Ethanol's funky farewell

By Shane Worrell
Updated November 7 2012 - 4:20am, first published December 3 2010 - 9:34am
The END: Ethanol will play its final show next Saturday night. Picture: SEAN PAUL TAYLOR
The END: Ethanol will play its final show next Saturday night. Picture: SEAN PAUL TAYLOR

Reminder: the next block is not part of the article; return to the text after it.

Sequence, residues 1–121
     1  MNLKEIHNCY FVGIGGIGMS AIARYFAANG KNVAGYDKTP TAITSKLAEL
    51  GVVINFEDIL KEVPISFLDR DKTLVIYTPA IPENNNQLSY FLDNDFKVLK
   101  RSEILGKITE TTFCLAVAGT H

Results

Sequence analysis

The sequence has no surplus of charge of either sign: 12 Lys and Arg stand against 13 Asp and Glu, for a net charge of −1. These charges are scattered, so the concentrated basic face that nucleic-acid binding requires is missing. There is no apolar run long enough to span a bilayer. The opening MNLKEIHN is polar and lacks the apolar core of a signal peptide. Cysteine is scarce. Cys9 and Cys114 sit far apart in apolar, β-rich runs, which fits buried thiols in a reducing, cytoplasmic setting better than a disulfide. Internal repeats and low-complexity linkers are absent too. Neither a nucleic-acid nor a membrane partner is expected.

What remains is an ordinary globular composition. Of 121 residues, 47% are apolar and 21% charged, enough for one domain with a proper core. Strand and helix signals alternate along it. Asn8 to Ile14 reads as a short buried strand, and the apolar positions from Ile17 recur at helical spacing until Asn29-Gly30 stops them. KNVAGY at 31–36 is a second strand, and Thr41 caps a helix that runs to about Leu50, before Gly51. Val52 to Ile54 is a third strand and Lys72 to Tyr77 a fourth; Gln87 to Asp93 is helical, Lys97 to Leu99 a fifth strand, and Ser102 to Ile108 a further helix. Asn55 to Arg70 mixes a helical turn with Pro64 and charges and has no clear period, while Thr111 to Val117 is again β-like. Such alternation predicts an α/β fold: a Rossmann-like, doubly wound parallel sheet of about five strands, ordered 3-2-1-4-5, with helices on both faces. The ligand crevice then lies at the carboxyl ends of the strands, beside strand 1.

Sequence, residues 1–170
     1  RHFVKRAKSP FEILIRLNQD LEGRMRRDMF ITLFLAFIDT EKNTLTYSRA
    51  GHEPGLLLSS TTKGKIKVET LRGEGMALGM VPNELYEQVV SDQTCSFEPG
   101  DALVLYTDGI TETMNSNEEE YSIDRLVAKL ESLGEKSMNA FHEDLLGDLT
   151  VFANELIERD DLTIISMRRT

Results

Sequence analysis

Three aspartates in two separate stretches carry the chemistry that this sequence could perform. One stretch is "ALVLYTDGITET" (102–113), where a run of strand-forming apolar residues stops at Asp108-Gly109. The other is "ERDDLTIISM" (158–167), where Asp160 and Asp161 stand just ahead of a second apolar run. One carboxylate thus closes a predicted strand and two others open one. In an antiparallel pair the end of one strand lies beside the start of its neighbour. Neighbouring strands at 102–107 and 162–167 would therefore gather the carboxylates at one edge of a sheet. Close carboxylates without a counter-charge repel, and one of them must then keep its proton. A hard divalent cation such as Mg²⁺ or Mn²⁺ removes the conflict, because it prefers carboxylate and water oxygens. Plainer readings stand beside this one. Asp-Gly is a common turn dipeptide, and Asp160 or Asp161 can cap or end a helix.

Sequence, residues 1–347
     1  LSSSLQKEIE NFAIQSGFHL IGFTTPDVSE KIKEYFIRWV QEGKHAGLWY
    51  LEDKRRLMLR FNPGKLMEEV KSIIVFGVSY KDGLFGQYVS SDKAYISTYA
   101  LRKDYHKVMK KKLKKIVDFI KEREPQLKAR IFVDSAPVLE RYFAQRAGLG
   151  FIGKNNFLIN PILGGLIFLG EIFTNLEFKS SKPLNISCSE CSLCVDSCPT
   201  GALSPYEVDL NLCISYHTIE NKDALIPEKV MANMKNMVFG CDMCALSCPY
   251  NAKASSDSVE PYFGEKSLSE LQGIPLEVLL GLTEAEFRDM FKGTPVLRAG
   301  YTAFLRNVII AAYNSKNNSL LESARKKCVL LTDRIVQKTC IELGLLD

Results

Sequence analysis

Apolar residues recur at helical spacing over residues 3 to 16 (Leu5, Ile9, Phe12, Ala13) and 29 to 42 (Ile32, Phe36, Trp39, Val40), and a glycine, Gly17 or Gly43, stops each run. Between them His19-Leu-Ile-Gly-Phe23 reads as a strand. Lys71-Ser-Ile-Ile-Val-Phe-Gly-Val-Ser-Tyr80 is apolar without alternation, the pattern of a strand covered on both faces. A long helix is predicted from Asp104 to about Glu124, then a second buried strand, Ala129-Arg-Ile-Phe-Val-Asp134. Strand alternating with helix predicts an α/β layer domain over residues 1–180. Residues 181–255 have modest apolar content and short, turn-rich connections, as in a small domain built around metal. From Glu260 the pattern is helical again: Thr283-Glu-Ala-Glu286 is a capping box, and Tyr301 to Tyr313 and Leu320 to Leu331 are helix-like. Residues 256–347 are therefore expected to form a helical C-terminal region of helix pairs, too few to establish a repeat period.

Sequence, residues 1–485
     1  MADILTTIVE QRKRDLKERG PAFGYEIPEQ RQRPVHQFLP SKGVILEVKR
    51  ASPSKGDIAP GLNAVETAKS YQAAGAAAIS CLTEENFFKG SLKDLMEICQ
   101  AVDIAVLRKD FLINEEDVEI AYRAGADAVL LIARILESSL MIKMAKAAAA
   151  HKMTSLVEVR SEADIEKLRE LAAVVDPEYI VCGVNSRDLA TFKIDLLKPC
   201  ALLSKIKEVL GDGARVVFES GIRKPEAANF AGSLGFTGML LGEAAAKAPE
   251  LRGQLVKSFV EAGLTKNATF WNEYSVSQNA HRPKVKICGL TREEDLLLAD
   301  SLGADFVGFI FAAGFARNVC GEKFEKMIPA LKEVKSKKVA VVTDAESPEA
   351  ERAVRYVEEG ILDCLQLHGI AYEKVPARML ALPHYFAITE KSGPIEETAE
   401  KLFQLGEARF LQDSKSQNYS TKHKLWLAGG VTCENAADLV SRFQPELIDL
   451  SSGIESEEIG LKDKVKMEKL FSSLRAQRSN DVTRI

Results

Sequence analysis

FUNK stalwarts Ethanol will farewell Bendigo after more than a decade of infectious grooves, quality musicianship and entertaining shows.That the four-piece band’s final show is in Rosalind Park next Saturday night is testament to its home-city reputation and its ability to prove that bands don’t merely belong in a pub environment.Ethanol’s farewell coincides with the release of a live album, titled Live @ the Newy, which was recorded at the band’s final two pub gigs in May at the Newmarket Hotel.Drummer Colin Thompson hopes the CD, engineered and mixed by Sender’s Bohdan Dower, will give fans – and the band itself – a memorandum of Ethanol’s energetic live sound.“We wanted to capture the live sound on this final CD. As much as we tried to do that in the studio, it’s not the same. “I’m pretty proud of it (the CD). I think it speaks volumes of what the band has become over ten years.”The band is equally as proud of the opportunity to play a farewell show in Rosalind Park.“Going back a while, we decided we not only wanted to do a live recording, but we wanted to do a family-friendly outside park gig, inspired by the last time we played Summer in the Parks last year,” guitarist Tyson Hodges says.Lead singer Skip agrees, as he discusses Ethanol, a band that still draws crowds and has seemingly lost little passion for playing together, calling it quits.“It’s a real honour to have been a part of all this. It’s something I’ll never forget. It’s been a big part of my life. To do this gig in Rosalind Park – it speaks for what we’ve achieved in that time.”Ethanol’s list of achievements is long and includes releasing two studio albums – an eponymous debut in 2002 and Out of the Red in 2007 – playing at the Bendigo Says Thanks gig last year, headlining shows at Melbourne’s iconic Espy hotel and getting played on Triple J and Melbourne indie station Triple R.Other happy memories the Ethanol lads recall are packed gigs at the Apollo Bay Music Festival and punters singing along to crowd favourite Into the Black at a packed bar in Melbourne’s Chinatown.The band formed as the five-piece Box in 1999, comprising Skip, Hodges, Thompson, guitarist Tom Heenan and bassist Ben Gibbons. “We started out as an improv band; most of our songs have come together from just getting together and playing,” Skip says.The band went through an early name and line-up change – bassist Dan Guille soon replacing the busy Gibbons – and proceeded to gain a reputation both here and in Melbourne as a quality live band with a unique sound. Heenan departed in 2007, about the time the band released its second album, and the remaining members had to quickly learn how to reinvent Ethanol as a four-piece.“The band’s gone through line-up changes over the years, but it always inspired us to keep going. Every time we’ve had a change in dynamics we’ve embraced it. That’s allowed us to keep it fresh,” Hodges says.“I’m very proud of what we’ve done. We never got into it to take over the world. It was never about money or anything like that. “We did it because we enjoyed playing music together. And if we can get up and do it and people can enjoy it then that’s the reward.“We did some awesome gigs and we did some funny gigs and we did some horrible gigs and that’s all part of being in a band.”Ethanol played a significant number of shows in Melbourne a few years ago in an attempt to reach a bigger audience.“Cracking Melbourne is difficult,” Guille says, “you don’t have the chance, without serious sacrifice, to have a residency somewhere like the Espy or the Nightcat.”But Thompson says Ethanol wants to make it clear that being a regional band is no hindrance to success, and bands, with a bit of hard work, can make a mark both here and in Melbourne.“(We’ve tried to dispel) the idea for young musicians, and for anyone else trying anything, that you have to go to the city to ‘make it’.“The most important thing a band needs to progress and achieve is for everyone involved to be on the same page – same goals, same amount of desire to achieve, same willingness to jump on opportunities as they present themselves.“That’s a lot more important than whether you decide to base yourselves in Bendigo or base yourselves in Melbourne or anywhere else.”Skip says it’s the love of playing music together – rather than any perceived higher honours – that has kept Ethanol going since 1999.“That whole thing about striving to get to the city and be amongst the bigwigs can also damage a lot of things. “It’s where the fun can go out of it. And I’m a great believer that if I’m not enjoying it, then don’t do it any more.”So what can fans, friends, family and Ethanol virgins expect from the farewell show?The band jokes that festivities will include chainsaw juggling, trapeze artists and the throwing of motorcycles over shark-filled tanks, but jokes aside, it’s clear each member just wants to get together for one last time and play some good music.“You can expect us to play like it’s the last time we play together – because it will be,” Skip says.And playing in front of a large crowd is something Ethanol sees as an opportunity to leave an impression on Bendigo’s aspiring musicians.“I hope we can be an inspiration for younger kids who come along, to try to get people to do this kind of thing,” Skip says.The passing of Ethanol will be a significant loss to the Bendigo live music scene, but its recent resurgence through venues like the Hibernian and Newmarket hotels and the Basement Bar makes the four-piece think it’s the right time to pass the torch to a new wave of rockers.“The scene is great now,” Skip says.“Everyone’s trying to get on the bandwagon and get their jam sessions happening. It’s great.”Hodges says Ethanol wouldn’t have lasted as long without the support of friends, family and other bands.‘‘We’re very grateful to people who stuck by us,’’ Hodges says.“But it’s better to pull the pin and finish up than teeter off and have people wondering what happened,” he adds.Guille agrees.“If you kept pushing the same cart for another ten years, you wouldn’t have a gig in Rosalind Park and people would think, ‘God, 20 years of those guys’.”Ethanol will take to the stage in Rosalind Park next Saturday night, December 11, with support from Deano Stanton. The show is free, open to all ages and the music starts at 7pm sharp. CDs will be available at the gig.